HC Deb 30 June 1864 vol 176 cc567-72

Order for Third Reading read.

Motion made, and Question proposed, "That the Bill be now read the third time."


said, he wished to inquire whether the loan was really a dotation for life to the King of Greece or merely intended to last during the period he remained upon the throne. The right hon. Gentleman the Chancellor of the Exchequer on a former evening seemed to be under the impression that the treaty was intended to confer the dotation for life; but, if so, that view was directly opposed to the terms of the Bill before the House, and having gone all through the papers on the subject, he felt perfectly certain that they contained nothing to warrant that interpretation. Were the other parties to the treaty equally bound to continue the dotation for life? If so, he had been unable to discover the provisions to that effect. It was expressly described as a personal dotation "to be added to the civil list of Greece." Clearly, therefore, when the civil list came to an end, as it would do if the throne became vacant, the addition must drop as well. According to the treaty made in 1859, a sum of 900,000f., equivalent to £20,000 a year, was to be paid from the Greek Treasury. England's share of that sum would come to about £6,666, of which we had given up £4,000 yearly to the King of Greece, and had voted away more than the balance in salaries to officials. In addition to that, upon the treaty for the annexation of the Ionian Islands, £10,000 a year had been settled upon the King of Greece as a first charge on the revenue of those islands; and what was most extraordinary, the claims of our own countrymen, amounting to £7,000 yearly, had been deferred and made a second charge. A more blundering and dangerous treaty he never remembered. The correspondence relative to the annexation of the Ionian Islands was very amusing. It was stated that the parting of the King of Greece with the then Sovereign of Denmark was an affecting scene. The King of Denmark embraced the young King of Greece and expressed a wish that he would make Greece as happy as Denmark was at that moment. The happiness of Denmark had, however, since been rather disturbed by the proceedings of the noble Lord at the head of the Foreign Office. The Government had made a sacrifice of a large sum, and had obtained no guarantee for the payment of the loan. He observed that a sum of about £250,000 had been remitted to the Ionian Islands for one thing and another. Why did not the Government bring in an Act of Parliament to legalize these remissions as well as the King's annuity? He also wanted to know why the Chancellor of the Exchequer had contended a few nights ago that this was a dotation for the King's life, and had brought in a Bill to confine it to his reign.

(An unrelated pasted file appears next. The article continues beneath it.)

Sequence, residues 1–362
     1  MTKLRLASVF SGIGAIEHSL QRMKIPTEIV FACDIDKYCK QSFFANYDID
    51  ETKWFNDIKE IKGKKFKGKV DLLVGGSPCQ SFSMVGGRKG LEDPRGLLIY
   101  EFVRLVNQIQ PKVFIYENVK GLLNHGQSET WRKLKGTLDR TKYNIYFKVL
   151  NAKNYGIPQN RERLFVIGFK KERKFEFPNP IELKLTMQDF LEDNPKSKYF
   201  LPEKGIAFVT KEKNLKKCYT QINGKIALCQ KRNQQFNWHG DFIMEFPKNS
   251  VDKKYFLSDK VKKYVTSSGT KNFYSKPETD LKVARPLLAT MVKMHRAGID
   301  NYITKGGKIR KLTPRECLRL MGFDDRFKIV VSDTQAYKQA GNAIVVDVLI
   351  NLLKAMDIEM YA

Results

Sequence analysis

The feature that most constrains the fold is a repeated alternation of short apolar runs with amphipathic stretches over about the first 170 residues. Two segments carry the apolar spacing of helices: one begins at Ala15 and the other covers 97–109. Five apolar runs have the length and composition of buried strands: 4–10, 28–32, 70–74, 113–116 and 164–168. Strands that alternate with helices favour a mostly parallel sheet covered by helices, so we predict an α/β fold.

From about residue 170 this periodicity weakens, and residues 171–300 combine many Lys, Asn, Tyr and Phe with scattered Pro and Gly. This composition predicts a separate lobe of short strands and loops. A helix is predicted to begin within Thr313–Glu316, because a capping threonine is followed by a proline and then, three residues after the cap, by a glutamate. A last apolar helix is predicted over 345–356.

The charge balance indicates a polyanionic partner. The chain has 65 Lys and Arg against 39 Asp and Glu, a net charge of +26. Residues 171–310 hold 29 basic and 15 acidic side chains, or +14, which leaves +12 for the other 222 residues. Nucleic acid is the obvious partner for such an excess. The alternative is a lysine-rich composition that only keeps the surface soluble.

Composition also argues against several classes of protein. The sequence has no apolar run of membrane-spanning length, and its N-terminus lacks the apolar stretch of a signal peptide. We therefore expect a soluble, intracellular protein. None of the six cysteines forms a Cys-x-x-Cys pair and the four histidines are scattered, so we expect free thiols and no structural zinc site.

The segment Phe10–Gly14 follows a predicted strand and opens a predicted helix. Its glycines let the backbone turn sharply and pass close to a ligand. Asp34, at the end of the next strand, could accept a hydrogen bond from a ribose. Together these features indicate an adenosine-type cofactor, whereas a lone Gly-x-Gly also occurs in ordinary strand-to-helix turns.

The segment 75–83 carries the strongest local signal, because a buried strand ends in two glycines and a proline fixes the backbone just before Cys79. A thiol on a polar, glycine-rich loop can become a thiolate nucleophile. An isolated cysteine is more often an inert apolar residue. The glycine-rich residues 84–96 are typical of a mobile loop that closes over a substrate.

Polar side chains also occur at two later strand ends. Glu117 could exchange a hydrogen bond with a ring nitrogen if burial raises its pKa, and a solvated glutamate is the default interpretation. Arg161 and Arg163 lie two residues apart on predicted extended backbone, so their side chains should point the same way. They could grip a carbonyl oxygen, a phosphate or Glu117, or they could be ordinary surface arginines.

said, that his interpretation of the treaty had been supported by the Foreign Department. No doubt the treaty contemplated the dotation for life. Why, then, it might be asked, did the Bill extend only to the reign, and recognized the contingency that the reign and the life might not be co-extensive? That was a matter of policy and propriety, and the opinion of the Foreign Office was that it would be more becoming and more prudent to draw the Bill only with reference to the reign. The Bill would give effect to the treaty in the present state of things, but he would admit that it would not give effect to the treaty in the event of the termination of the reign, by a revolution for example. It was better that the Bill should be drawn as it was, although it only gave effect to the treaty for a time—namely, while the King remained upon the throne.


said, he must remind the right hon. Gentleman that he told the House the other night that the Bill ought to be in exact accord with the treaty, and that the House could not consequently consider any alteration in it. The arrangement was a kind of marriage settlement between the young King of Greece and his kingdom, and as marriage settlements were drawn with provisions that contemplated a separation and protected the interests of the lady in that event, so ought the settlement to protect the interests of the King. As the Court of Russia had no Parliament to consult, it would pay £4,000 a year to the King of Greece during his life, and so would the Emperor of the French. Because, however, the English Government had to submit the treaty to the House of Commons, the Bill was drawn in such a way that the £4,000 a year was only payable during the King's reign. Her Majesty's Government had inflicted enough pain already on the family of the young King. He would, therefore, move as an Amendment that the Bill be re-committed with the object of substituting the word "life" for "reign," so as to make it agree with the treaty.

Amendment proposed, To leave out from the words "That the" to the end of the Question, in order to add the words "said Order be discharged,"—(Mr. Hennessy,) —instead thereof.

Question proposed, "That the words proposed to be left out stand part of the Question."


said, that the Chancellor of the Exchequer had deprecated on a former night any difference between the treaty and the Bill, while he had now been the first gratuitously to introduce the ele- ment of the King's reign not being so extended as his life. The right hon. Gentleman said that the matter had been examined by the Foreign Department. But the House knew nothing of that Department. The matter was proposed upon, the responsibility of the Ministers of the Crown, and it was upon them the responsibility must rest. He should support the Motion for re-committing the Bill.